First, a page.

There is a common question when installing a furnace in most residential units. If the specific location is not located on the drawings (in most residences, these are not located in builders drawings but frequently are in commercial drawings), the thermostat should be near the return air and central to the area that it serves. The return air pulls air from all over the house to it to take it back to the furnace. (Spoiler from the reading below, as a general rule Thermostats are placed at about 48" above finish floor).

In other words, put the thermostat in the middle of the house. There are considerations to this, however. There are many different layouts of houses, including multiple levels, basements or second or third floors. Even multiple furnaces need to be considered or multiple zones on different units. 

one level house or apartment

In most cases, especially in dense urban areas, homes and houses are limited to less than 2,500 square feet. Most apartments being much smaller than that, around 1,000 to 1,200 square feet. They can be even smaller in larger cities.

In almost every house or apartment that does not have a basement or any other floors the furnace will be placed in the center of the dwelling.

Minimal return air ductwork will be used which would put the return air very close to the location of the furnace. So when considering the questions, "Where Should I Put The Thermostat In My House", This would put the thermostat in the general area of the return air at about 48" off the finished floor.

multiple zones

If your dwelling has multiple zones, a thermostat will be central to those zones. This type of system is common with a mini split system. Zones are controlled from one location in that zone.

These types of systems are convenient for houses with poor insulation. However, mini split systems are not very common in the United States in residential dwellings. They are more expensive to install and most people steer away from them.

In this instance when considering the questions, "Where Should I Put The Thermostat In My House", the thermostat would go typically in one room that the zone covers. If your team wants to install a mini split system, be sure that the thermostat is in the room or area that represents the most moderate condition.

I will give you an example. If there are four bedrooms on a mini split system and two of them are on the north side of the house and two are on the south, the rooms on the south are going to be hotter in the summer and the two on the north are going to be colder in the winter. The thermostat should go on a partitioning wall between the north room and the south room. 

Your set up may be different, so be sure to consult with a local professional if this is an option for you.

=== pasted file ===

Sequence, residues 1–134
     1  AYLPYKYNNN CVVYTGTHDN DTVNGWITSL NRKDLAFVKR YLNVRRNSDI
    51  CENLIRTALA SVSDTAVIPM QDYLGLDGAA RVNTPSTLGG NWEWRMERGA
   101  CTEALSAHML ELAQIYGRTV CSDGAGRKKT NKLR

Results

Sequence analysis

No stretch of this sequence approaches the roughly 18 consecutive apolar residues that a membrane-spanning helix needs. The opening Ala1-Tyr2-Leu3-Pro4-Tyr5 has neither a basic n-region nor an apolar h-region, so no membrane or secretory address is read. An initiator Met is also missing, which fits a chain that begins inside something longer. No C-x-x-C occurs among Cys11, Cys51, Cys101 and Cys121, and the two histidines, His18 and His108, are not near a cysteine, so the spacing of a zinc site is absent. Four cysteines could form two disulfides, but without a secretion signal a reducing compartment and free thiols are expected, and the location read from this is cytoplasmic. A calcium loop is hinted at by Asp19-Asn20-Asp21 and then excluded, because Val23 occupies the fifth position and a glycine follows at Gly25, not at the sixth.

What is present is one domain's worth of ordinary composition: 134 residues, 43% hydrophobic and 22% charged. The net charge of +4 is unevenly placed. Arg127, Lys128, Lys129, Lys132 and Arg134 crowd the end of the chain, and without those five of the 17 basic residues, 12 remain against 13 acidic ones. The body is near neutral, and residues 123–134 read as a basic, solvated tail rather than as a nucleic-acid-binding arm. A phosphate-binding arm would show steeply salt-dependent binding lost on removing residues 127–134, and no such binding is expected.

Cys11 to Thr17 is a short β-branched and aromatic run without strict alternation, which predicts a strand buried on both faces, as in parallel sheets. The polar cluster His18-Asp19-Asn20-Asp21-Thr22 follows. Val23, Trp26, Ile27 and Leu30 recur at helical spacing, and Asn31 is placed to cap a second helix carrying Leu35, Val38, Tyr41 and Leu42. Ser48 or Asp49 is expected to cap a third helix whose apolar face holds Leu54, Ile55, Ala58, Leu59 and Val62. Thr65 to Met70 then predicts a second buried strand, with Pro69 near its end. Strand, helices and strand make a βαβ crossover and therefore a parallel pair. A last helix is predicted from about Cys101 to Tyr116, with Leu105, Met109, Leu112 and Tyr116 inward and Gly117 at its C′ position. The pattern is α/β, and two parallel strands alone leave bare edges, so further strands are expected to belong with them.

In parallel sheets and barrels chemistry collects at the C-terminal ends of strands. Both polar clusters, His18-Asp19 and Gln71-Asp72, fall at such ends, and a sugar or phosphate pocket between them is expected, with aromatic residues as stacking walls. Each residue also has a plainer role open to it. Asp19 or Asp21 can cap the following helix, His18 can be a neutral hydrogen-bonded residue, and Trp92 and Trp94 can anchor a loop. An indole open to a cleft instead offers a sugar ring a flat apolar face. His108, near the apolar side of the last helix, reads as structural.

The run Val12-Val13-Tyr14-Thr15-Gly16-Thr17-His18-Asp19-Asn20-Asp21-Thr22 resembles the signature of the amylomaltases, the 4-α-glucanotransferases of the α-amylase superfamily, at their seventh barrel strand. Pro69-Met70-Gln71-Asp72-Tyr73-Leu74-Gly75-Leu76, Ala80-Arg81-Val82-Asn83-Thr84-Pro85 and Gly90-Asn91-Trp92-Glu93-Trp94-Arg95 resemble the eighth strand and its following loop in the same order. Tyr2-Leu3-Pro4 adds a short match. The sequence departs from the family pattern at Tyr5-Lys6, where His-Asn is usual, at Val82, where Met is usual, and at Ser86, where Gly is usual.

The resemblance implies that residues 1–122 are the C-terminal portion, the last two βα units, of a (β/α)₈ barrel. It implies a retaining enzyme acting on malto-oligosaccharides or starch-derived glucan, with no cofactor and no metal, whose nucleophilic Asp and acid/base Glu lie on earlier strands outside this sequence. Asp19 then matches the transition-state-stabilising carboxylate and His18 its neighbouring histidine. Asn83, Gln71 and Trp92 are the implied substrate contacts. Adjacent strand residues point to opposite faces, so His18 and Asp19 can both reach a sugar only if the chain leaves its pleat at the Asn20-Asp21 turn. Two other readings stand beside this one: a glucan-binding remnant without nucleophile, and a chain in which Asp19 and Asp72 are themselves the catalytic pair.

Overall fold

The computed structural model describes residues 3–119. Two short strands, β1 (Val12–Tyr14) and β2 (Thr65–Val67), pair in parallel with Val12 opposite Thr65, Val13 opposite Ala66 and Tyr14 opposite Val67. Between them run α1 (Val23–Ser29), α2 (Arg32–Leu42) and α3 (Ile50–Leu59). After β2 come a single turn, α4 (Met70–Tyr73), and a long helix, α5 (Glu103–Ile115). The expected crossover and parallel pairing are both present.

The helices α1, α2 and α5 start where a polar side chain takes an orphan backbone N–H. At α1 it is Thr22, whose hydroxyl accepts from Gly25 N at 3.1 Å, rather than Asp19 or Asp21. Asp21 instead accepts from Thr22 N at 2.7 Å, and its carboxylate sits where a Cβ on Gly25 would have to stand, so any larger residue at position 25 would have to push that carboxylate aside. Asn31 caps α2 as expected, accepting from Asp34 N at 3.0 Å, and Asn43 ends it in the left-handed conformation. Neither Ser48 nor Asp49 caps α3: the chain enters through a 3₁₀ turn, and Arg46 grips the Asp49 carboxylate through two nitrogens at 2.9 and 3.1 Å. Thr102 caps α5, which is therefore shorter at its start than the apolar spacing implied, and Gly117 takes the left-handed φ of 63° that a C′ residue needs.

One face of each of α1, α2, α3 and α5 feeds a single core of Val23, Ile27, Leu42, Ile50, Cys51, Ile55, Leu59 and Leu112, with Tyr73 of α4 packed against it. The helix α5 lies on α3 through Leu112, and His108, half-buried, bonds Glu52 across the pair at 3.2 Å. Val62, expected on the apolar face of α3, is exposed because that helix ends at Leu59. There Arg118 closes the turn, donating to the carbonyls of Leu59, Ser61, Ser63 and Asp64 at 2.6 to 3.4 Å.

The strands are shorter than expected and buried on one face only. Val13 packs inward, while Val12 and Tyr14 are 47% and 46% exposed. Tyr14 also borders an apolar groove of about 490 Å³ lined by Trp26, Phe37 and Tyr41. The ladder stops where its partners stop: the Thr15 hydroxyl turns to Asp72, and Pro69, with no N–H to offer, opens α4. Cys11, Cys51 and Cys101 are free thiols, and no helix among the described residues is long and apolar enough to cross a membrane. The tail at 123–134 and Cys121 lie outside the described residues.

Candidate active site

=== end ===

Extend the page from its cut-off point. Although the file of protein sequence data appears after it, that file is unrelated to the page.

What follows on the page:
Multiple Furnaces

If your dwelling has multiple levels, either split level or a basement with additional floors, there is a chance that you may have two or more furnaces. This type of layout is not uncommon and, depending on the size of the dwelling, two or more furnaces may be required. A furnace does well to serve an area of up to 2,500 square feet. Any bigger and most residential furnaces become very inefficient. 

You may also want to consider installing a separate furnace for the basement and an individual furnace for the other floors. Basements area often much cooler than the other levels and the same heating and cooling requirements vary greatly from basement to other floors.

In this instance, the basement would have a thermostat central to the area at or near the return air and the other floors would have one as well (close to the stair way between floors for one furnace or central to each floor if there are multiple furnaces).

Where not to put a Thermostat

Never put a thermostat next to a supply air vent. Here is why. When the Thermostat asks the furnace or Air Conditioning to come on, it has left its set range on the thermostat. A typical range for a thermostat is plus or minus 1.5 degrees. (So if you set the thermostat to 75 degrees in heating mode, it will kick on around 73.5 degrees and turn off around 76.5 degrees.) 

If the thermostat is placed at or near a thermostat there are two factors that are acting on the thermostat. The first is that the thermostat would typically be on an exterior wall and the thermal transfer of heat or cold from the outside affects how fast the thermostat changes. Exterior walls are colder than interior walls, even with insulation.

The second factor is that the air from the supply vents are blowing on the thermostat and fluctuating the measurement of temperature very quickly. Imagine taking the hair dryer and blowing it on your face on High and Hot. It would immediately warm up, it may even burn you (don't try that). The furnace is basically just a really big hair dryer. Placing the thermostat too close to a vent is going to leave the dwelling hot or cold all the time.

The thermostat in the wrong location will lead to higher electric bills. If you need additional help, ask you local HVAC technician when they are there for the annual furnace tune up.


"Where Should I Put The Thermostat In My House?" has now become an answered question. Consult with a professional if needed but we hope that your now know where to put a thermostat or at least where not to put a thermostat.

About the Author TinnersToolBox

Tinner's Tool Box is a resource for HVAC professionals to gain access to information to help them complete their projects. It is also a reference for the everyday person who wants to improve their knowledge on the topic.


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